First-grade students learn several different math skills. The most basic are even and odd numbers, addition, subtraction and the value of money. Playing games is a good way to practice these skills and make use of the five minutes before lunch, recess or the bell at the end of the day. Having a few “go to” games keeps children occupied and reinforces the skills covered in math lessons. Allow extra time the first time they play the games as teaching them the rules will take some additional time.
Facing each other in a circle, have groups of four students compete to see who can get the most "tens" in three minutes. Have them lay out 10 playing cards in a row as player 1 looks for sets of cards that equal 10. All face cards equal 10, so they should pick those up first. When player 1 has picked up all possible combinations, the dealer should add enough cards to the row to restore the row to 10 cards. Continue around the circle until the deck runs out, there are no more possible combinations or four minutes have passed. Whoever has the most combinations of 10 wins the game.
Put students in groups of two and give each set a pair of dice for a quick subtraction game. Players take turns rolling the dice, and they must subtract the smaller number from the larger number to get their score. They should continue taking turns for one minute, adding the new score to the total after each turn. The player with the highest number at the end of each minute wins. Repeat until the five minutes are up.
Odds & Evens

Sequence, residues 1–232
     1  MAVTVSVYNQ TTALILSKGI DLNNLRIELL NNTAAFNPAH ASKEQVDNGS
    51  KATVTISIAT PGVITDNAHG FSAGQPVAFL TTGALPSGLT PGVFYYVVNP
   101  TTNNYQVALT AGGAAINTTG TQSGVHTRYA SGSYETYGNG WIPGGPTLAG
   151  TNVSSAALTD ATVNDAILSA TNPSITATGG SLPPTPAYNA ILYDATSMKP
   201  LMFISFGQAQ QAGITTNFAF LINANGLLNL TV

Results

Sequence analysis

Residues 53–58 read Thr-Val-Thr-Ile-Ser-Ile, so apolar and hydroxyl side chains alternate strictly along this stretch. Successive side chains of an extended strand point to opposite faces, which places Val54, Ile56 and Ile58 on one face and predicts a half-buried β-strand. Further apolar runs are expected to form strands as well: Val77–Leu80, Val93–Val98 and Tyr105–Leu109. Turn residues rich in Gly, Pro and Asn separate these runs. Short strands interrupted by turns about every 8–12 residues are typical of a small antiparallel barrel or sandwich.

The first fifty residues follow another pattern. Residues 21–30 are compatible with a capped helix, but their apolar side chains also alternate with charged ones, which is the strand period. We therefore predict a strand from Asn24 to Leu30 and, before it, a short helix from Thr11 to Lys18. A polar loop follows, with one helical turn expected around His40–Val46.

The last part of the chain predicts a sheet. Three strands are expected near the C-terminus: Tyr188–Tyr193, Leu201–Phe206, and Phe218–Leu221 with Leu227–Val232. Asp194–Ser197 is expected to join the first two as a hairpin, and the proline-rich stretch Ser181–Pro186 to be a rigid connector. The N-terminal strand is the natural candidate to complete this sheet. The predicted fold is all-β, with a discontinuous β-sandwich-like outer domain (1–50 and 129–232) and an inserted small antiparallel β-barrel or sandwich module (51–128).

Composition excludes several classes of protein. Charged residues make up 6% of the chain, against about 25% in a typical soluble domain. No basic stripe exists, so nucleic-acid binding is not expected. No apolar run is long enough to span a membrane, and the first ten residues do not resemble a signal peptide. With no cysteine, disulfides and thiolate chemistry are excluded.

Have each row of students form a circle on the floor before assigning a card dealer. Ask the dealer to deal out all of the cards and instruct players to make a neat, face down pile in front of them. It does not matter if one person has an extra card or two. The object of the game is to get the most cards. Players take turns placing cards face up in the center of the piles, and when an odd number card comes up the first player to slap his hand down on the pile wins the cards. He then turns it upside down and places the card on the bottom of his pile. Stop the clock after four minutes; count the cards and the player with the most cards wins.
A quick game of “What Coin Am I?" reinforces what different coins look like. Divide the class into two groups. Give each group a piece of paper with a different denomination of coin replicated on it and folded in half so they cannot see the coin. Taking turns by group, have them ask questions about the coin in order to guess which coin they have.
About the Author
Annabelle Lee has been working in the journalism field since 1990. She was a teacher and yearbook adviser for four years and holds two associate degrees from her local community college where she currently teaches computer classes. Lee also writes for a local newspaper and was a proofreader for McGraw-Hill.
Thinkstock Images/Comstock/Getty Images